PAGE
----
"Just To Be Noticed"

Pied-billed Grebe

pied-billed grebe        How would you like it if every time you went looking for a good-looking chick you received a 'mark' of some kind, so everyone noticed? That's what happens in the bird world, and the birds hope those who notice are females. Marks come in the spring, like color enhancement, feather length, aggressiveness, wild athletic antics, and so on. Birds have a magical chemical change inside their body that makes this happen. The Pied-billed Grebe is a good example of a change, for its 'mark' is a black stripe on the bill. You think that's weird? How about guys who shave, use aftershave lotion, brush teeth, put on deodorant, comb their hair, wear clean socks and clean clothes who want to be noticed. And the gals who use mirrors (the bigger the better) to help with makeup, dress styles, hair arrangement, and movement gestures to generate the perfect impression. Maybe we are all a little bit weird when we want to be noticed.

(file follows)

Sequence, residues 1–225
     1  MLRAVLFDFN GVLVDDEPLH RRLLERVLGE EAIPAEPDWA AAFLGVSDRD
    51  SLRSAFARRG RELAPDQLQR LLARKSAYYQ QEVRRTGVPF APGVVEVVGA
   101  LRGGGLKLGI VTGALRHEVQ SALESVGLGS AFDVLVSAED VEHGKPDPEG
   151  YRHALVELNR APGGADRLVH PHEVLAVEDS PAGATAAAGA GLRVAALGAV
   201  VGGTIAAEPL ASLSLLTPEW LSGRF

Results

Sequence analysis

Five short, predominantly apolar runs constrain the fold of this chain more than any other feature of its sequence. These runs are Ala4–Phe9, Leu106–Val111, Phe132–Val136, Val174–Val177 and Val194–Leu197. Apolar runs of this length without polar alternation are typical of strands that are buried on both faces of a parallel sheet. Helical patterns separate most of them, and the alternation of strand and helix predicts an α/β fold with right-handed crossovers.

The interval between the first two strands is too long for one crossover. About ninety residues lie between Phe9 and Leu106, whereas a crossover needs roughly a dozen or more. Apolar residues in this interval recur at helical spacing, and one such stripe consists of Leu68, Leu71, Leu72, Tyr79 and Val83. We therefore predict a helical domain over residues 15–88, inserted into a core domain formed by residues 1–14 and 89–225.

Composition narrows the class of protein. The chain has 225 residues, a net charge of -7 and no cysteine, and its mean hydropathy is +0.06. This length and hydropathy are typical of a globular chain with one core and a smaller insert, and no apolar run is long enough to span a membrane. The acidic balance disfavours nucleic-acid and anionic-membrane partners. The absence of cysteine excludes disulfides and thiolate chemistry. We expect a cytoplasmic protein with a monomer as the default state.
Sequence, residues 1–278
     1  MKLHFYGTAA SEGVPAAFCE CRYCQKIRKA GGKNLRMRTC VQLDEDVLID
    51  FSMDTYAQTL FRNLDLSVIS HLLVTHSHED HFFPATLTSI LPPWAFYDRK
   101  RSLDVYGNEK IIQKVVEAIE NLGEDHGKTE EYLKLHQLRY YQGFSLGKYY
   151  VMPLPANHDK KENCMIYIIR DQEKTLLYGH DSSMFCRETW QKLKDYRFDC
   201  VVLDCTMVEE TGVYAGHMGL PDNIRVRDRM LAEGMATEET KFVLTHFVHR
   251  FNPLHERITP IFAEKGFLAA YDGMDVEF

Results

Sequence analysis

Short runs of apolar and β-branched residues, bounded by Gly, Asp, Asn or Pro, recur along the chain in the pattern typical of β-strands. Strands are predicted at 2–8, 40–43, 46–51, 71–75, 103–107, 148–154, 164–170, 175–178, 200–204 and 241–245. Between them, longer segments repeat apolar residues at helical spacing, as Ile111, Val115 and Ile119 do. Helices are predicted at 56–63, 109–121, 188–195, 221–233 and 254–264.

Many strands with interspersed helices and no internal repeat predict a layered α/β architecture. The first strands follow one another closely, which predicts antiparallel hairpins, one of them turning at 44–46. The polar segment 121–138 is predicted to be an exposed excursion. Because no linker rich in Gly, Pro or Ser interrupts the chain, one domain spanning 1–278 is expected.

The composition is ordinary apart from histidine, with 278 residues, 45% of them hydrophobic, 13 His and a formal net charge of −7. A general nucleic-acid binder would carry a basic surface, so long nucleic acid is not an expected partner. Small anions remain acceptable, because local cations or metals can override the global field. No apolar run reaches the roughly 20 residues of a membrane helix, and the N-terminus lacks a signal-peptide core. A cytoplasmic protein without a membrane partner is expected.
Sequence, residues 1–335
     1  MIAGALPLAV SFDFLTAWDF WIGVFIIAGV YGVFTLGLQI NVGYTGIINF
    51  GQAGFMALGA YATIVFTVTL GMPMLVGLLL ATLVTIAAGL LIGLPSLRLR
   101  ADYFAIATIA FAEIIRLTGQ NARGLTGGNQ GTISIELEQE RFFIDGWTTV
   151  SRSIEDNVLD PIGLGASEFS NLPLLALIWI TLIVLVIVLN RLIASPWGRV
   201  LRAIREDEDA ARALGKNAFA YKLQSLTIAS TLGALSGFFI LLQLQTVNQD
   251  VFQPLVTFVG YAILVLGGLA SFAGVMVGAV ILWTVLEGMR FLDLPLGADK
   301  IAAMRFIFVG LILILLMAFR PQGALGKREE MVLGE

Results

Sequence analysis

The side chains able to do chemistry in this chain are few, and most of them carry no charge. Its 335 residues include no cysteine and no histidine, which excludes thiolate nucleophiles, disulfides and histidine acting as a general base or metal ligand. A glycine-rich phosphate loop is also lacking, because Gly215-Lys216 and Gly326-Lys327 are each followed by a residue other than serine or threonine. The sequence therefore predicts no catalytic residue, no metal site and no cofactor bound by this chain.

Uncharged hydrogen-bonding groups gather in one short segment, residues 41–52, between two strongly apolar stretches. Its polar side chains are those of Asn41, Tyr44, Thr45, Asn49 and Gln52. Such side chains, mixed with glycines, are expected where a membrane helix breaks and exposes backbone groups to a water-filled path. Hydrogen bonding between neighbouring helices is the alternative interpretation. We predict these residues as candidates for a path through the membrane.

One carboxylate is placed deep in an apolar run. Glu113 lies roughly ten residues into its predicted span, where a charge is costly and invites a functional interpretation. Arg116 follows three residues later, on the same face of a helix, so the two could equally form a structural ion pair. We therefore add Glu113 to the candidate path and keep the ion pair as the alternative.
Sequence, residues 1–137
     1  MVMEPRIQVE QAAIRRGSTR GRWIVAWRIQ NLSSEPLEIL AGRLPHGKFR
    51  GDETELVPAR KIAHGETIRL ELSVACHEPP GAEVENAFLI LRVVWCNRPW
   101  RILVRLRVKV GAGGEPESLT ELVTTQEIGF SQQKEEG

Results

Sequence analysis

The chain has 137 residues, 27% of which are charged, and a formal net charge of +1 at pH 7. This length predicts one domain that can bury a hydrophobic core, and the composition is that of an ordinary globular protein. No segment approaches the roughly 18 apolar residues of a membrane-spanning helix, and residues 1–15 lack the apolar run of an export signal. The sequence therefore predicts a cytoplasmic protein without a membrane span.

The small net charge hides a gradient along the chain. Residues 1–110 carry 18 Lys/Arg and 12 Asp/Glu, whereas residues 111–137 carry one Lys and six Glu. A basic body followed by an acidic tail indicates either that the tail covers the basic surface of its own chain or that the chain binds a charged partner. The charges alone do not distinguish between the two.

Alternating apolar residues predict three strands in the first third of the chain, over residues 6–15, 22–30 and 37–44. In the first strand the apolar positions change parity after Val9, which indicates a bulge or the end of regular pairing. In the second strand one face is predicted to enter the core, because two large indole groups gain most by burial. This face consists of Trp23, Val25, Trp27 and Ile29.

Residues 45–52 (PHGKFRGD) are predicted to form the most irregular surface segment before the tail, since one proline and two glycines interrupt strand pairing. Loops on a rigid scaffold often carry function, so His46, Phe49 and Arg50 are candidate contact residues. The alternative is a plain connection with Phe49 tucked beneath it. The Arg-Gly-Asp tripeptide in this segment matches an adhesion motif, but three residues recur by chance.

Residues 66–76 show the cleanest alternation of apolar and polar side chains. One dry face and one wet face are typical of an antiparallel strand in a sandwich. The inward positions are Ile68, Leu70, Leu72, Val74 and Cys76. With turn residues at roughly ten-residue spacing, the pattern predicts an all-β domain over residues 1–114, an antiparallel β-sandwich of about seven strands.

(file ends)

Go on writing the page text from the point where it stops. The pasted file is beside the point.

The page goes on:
I look for Pied-billed Grebes year round. They are less social than most species of grebes and rarely found in flocks. So if you look really good when there are birds on a body of water, there just might be one among them. When disturbed, Pied-billed Grebes dive headfirst under water, or they sink slowly into the water until only their heads are above water (like submarine periscopes). Another weird grebe thing: They will eat and feed their own feathers to their young. This behavior is probably to help them regurgitate bones and other non-digestible parts of their diet.

        Today you will find Pied-billed Grebes on open, fresh water. Their 'mark' will not be present until spring, but they will be low in the water with preferable space around them. Good luck hunting.

        Judy Warren is the artist this week. Her picture is drawn with watermedia and pencil.

        For complete information about birds, in just a few days time, plan to attend the upcoming St. George Winter Bird Festival January 27, 28, 29, 30, 2011. Call 435 673-0996 or check it out at or on this web site.


Home - Red Cliffs Audubon